Quisling was the son of a Church of Norway pastor and genealogist Jon Lauritz Qvisling from Fyresdal, and both of his parents belonged to some of the oldest and most distinguished families of Telemark.
His early life was mixed and successful; he became the country's best ever war academy cadet upon graduation in 1911, and achieved the rank of major in the Norwegian army. He worked with Fridtjof Nansen in the Soviet Union during the famine of the 1920s. For his services in looking after British interests after diplomatic relations were broken with the Bolshevik government, Great Britain awarded him the C.B.E. He later served as defense minister in the Agrarian governments 1931-1933.
The Nasjonal Samling party
On May 17, 1933, Norwegian Constitution Day, Quisling and lawyer Johan Bernhard Hjort formed Nasjonal Samling ("National Unity"), a Norwegian nationalist political party. Nasjonal Samling had an anti-democratic, leadership-based political structure, and Quisling was to be the party's Fører (Norwegian: "leader", equivalent of the German "Führer"). He was sometimes referred to as "the Hitler of Norway". The party went on to have modest successes; in the election of 1933, four months after the party was formed, it garnered 27,850 votes (approximately 2%), following support from the Norwegian Farmers' Aid Association, with which Quisling had connections from his time as a member of the Agrarian government. However, as the party line changed from a religiously rooted one to a more pro-National Socialist and anti-Semitic policy from 1935 onward. Party membership fell to an estimated 2,000 members before the German invasion, but under the German occupation by 1945 some 45,000 Norwegians were members of the party.
German invasion of Norway
On the 9th April 1940, one day before the planned British invasion, Germany invaded Norway, Operation Weserübung by air and sea. The German plan was to capture King Haakon VII and the Nygaardsvold government, after which Quisling would be recognized as Prime Minister. On April 9, however, without waiting for recognition, Quisling announced in a radio broadcast that he had become the new Premier. Word came that King Haakon refused to recognize Quisling as leader of the government.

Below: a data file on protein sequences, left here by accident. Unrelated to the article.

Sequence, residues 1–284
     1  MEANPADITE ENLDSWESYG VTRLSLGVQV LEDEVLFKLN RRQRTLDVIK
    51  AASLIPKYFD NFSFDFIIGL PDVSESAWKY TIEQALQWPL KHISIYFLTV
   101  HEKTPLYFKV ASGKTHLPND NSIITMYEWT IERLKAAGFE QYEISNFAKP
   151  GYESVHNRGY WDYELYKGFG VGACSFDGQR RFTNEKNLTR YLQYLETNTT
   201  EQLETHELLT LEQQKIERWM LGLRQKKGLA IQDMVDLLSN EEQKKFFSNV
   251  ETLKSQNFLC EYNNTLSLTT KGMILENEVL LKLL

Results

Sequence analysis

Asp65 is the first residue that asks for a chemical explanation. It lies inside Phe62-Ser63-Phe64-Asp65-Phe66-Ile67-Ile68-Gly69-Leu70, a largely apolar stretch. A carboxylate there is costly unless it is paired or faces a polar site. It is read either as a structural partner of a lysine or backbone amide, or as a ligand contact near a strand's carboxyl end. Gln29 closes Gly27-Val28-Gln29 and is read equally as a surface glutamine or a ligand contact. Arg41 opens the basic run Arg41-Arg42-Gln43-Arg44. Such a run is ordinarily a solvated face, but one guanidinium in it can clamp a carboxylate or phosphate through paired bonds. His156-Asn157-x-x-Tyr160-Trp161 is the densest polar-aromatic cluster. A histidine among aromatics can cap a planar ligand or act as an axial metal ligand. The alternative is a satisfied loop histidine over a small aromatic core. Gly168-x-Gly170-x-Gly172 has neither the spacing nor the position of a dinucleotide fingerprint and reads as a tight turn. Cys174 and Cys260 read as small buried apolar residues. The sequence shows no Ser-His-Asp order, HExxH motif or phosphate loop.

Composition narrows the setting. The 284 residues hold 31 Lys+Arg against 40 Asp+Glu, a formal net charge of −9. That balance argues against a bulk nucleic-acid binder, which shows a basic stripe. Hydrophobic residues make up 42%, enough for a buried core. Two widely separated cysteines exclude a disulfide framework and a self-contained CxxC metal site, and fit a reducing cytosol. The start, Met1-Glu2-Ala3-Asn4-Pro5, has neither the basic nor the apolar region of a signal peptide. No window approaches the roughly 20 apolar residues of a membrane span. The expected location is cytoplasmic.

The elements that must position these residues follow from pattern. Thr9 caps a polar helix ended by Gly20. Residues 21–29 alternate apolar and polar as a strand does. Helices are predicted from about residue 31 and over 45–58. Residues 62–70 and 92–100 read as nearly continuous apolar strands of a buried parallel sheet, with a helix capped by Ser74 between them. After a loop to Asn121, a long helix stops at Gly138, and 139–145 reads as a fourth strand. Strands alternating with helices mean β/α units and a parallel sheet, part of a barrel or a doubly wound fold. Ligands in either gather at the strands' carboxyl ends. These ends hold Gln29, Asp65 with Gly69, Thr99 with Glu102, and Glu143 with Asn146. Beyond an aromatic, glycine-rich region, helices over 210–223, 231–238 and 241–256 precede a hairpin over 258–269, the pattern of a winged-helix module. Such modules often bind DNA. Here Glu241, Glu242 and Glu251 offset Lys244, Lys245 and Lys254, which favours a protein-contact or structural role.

Later that same month he tried again to organize a government under Josef Terboven, who had been installed as Reichskommissar, reporting directly to Hitler. The relationship between Quisling and Terboven was tense, however, and Quisling was unable to find any prominent Norwegians who were willing to serve as ministers in his Cabinet. Terboven, presumably seeing an advantage in having a Norwegian in an apparent position of power, declared the monarchy to be abolished and named Quisling to the post of Minister President in 1942, a position the self-appointed Fører assumed on February 1.
Arrest and trial
Quisling stayed in power until he was arrested on May 9, 1945. He lived in a mansion on Bygdøy in Oslo that he called "Gimle", after the place in Norse mythology where survivors of Ragnarok were to live.
In the course of the victor's trials following the war, Quisling, along with two other Nasjonal Samling leaders, Albert Viljam Hagelin and Ragnar Skancke, was convicted of high treason and executed by firing squad at Akershus Fortress. The charges were based on his support of the German invasion in April 1940, his revocation of the mobilisation order, his encouragement of Norwegians to serve in the Norwegian SS division, and his assistance in the deportation of Jews.
Subsequently, these sentences have been controversial, as capital punishment was reintroduced by the government in exile at the end of the war, specifically in anticipation of the post-war trials.
Maria Vasilijevna, Quisling's Russian widow, lived in Oslo until her death in 1980. They had no children.